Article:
Lord Digby Jones was director general of the Confederation of British Industry (CBI) and Minister of State for Trade and Investment before becoming a life peer. He is one of four high profile panellists taking part in Newsnight's Politics Pen where, in Dragon's Den style, hopefuls pitch ideas on cutting public spending.
Here Lord Jones outlines how he thinks the government can ease the squeeze on public spending.
Massive borrowing by the government may well have helped sort the banking crisis, but I wonder if the penny has dropped in some parts of the Labour party that borrowing is merely deferred taxation.
Lord Jones has lobbied against protectionism
It has to be repaid by huge hikes in taxes, rendering the country an unattractive place in which to earn a living or take risk and create jobs and wealth, or by big savings in what those taxes are also used for - the provision of public services and those associated costs.
It is quite achievable to maintain all front line services in our schools and hospitals, in our armed services and prisons, regardless of what many politically motivated people say, if immediate action, with all the necessary courage and leadership that entails, is taken.
This is what we need to see happen:
Public sector pension provision must be reformed. A popular move with many parts of the electorate, but not the party donation cheque writers in the unions.
Is slashing inheritance tax a piece of cake?
It would also go a long way to end the growing apartheid and unhelpful bitter resentment festering between the private sector and those on fixed incomes on the one side, and public sector with total job security and wonderful pension provision on the other.
We also need to change the system of delivery so that the "back office" of government needs hundreds of thousands fewer people.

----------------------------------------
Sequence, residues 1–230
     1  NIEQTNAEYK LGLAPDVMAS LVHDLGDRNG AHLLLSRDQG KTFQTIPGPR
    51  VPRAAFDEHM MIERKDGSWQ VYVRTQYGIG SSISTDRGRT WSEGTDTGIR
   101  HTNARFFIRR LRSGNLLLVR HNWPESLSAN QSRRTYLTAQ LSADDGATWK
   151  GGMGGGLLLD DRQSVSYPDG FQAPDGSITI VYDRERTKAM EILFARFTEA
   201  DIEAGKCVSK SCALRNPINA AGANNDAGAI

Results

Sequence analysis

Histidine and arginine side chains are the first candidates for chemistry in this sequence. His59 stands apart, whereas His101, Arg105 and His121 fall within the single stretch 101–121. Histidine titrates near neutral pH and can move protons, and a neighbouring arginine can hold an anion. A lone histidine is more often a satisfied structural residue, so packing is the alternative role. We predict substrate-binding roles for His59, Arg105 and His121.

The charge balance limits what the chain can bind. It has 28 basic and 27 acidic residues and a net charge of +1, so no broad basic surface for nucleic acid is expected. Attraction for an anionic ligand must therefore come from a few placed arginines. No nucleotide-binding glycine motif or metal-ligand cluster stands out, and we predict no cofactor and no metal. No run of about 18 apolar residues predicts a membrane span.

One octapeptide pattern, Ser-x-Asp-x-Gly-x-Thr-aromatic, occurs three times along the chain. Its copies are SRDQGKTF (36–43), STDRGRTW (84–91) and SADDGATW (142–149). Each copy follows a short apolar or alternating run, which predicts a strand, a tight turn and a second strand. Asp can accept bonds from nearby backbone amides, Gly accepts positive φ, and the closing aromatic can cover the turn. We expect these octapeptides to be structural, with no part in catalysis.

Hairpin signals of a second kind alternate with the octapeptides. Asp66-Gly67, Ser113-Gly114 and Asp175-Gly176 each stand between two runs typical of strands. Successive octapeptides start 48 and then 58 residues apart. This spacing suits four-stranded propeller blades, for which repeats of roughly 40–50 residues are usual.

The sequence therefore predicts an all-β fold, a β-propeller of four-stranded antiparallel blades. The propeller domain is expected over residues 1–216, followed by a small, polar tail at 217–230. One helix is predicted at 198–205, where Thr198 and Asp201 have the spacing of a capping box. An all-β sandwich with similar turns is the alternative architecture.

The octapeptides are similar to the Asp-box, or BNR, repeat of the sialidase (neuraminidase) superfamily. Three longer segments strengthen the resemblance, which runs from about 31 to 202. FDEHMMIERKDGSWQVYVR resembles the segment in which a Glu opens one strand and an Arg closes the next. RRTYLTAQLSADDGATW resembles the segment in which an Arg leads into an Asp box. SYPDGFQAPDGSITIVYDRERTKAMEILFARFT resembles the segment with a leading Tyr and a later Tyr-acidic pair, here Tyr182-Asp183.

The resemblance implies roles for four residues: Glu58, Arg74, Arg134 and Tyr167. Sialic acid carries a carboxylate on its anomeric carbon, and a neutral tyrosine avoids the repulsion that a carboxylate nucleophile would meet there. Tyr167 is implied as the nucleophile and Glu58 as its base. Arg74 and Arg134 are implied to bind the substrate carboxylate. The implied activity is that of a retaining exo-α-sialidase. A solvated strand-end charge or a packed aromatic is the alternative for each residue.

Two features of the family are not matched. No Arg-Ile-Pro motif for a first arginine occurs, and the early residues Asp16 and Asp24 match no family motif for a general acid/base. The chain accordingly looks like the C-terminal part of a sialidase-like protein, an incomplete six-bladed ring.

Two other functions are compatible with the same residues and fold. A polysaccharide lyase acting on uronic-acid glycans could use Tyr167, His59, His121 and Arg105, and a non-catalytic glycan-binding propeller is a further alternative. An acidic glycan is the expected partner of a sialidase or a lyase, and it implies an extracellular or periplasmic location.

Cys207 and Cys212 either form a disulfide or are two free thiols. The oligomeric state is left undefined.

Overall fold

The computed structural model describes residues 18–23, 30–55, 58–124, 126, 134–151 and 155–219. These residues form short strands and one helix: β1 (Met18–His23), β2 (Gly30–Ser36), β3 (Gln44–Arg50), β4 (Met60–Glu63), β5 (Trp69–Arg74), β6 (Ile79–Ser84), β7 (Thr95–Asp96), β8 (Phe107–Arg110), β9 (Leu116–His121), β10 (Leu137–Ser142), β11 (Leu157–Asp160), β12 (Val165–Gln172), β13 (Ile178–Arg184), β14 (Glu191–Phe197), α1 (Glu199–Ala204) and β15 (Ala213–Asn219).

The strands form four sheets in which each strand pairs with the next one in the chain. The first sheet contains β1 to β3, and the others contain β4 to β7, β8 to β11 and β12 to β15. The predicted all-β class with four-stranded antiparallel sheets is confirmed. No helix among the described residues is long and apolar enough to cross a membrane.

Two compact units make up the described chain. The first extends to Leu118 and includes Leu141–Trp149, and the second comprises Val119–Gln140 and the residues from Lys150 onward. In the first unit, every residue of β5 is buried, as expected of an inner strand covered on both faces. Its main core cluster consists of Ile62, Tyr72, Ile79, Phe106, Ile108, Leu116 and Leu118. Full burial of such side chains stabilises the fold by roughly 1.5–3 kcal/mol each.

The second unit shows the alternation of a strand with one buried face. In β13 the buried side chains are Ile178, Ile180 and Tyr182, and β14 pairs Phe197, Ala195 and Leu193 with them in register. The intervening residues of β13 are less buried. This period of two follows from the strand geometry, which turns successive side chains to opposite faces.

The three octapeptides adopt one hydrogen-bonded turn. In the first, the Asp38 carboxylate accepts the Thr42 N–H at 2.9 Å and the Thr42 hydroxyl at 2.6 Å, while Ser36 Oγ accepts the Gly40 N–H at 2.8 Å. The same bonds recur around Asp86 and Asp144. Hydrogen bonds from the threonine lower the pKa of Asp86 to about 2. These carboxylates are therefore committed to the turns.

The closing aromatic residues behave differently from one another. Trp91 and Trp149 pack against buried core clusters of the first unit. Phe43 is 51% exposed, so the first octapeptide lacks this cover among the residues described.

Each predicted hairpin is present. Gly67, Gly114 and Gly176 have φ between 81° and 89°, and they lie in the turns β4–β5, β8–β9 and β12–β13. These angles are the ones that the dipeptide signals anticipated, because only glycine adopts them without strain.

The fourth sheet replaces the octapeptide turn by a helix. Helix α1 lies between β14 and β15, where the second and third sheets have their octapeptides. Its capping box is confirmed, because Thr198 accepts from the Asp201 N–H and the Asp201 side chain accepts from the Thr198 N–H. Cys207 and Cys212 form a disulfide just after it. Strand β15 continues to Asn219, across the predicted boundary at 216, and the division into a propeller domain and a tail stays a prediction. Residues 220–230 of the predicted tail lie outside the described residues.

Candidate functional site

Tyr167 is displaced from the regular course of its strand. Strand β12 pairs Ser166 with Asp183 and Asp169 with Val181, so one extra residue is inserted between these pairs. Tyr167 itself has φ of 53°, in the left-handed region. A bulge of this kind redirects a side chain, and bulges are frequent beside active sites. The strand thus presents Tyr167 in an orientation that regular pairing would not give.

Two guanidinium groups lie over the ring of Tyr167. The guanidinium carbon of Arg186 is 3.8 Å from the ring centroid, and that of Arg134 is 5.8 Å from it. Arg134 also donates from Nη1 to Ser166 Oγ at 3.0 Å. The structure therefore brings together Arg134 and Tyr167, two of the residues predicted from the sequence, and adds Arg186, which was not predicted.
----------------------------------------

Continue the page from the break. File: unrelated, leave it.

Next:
It is important to stress this is not about the quality of the good and decent people, or their tremendous culture of public service, it is about a system that needs radical change.
And we must move to a simplified business tax regime reducing hugely the numbers employed in the tax calculation and collection departments and - although back benchers bent on raising money from the rich will never accept it - increasing tax revenues.
Also in the Pen are Deborah Mattinson, Matthew Taylor and Greg Dyke
We must also stop the ridiculous "politically correct" job creation, especially in local authorities, such as "street naming executives" and "street football managers" which not only costs the tax payer, but adds to the pension burden.
So why will these things not happen? There are four main hurdles to overcome:
Firstly there are vested interests which will put the country's needs behind their own.
And we have a media which always links public spending savings with fewer nurses and teachers, making every politician run scared of tackling the issue.
Add to that political cowardice - understandable in democracies - but even if the penny drops and that is overcome the people who will be tasked with achieving the changes will be the very people who will suffer and
And finally - turkeys do not vote for Christmas!
The next edition of Newsnight's Politics Pen will be broadcast on Tuesday 30 June 2009 at 10.30pm on BBC Two.
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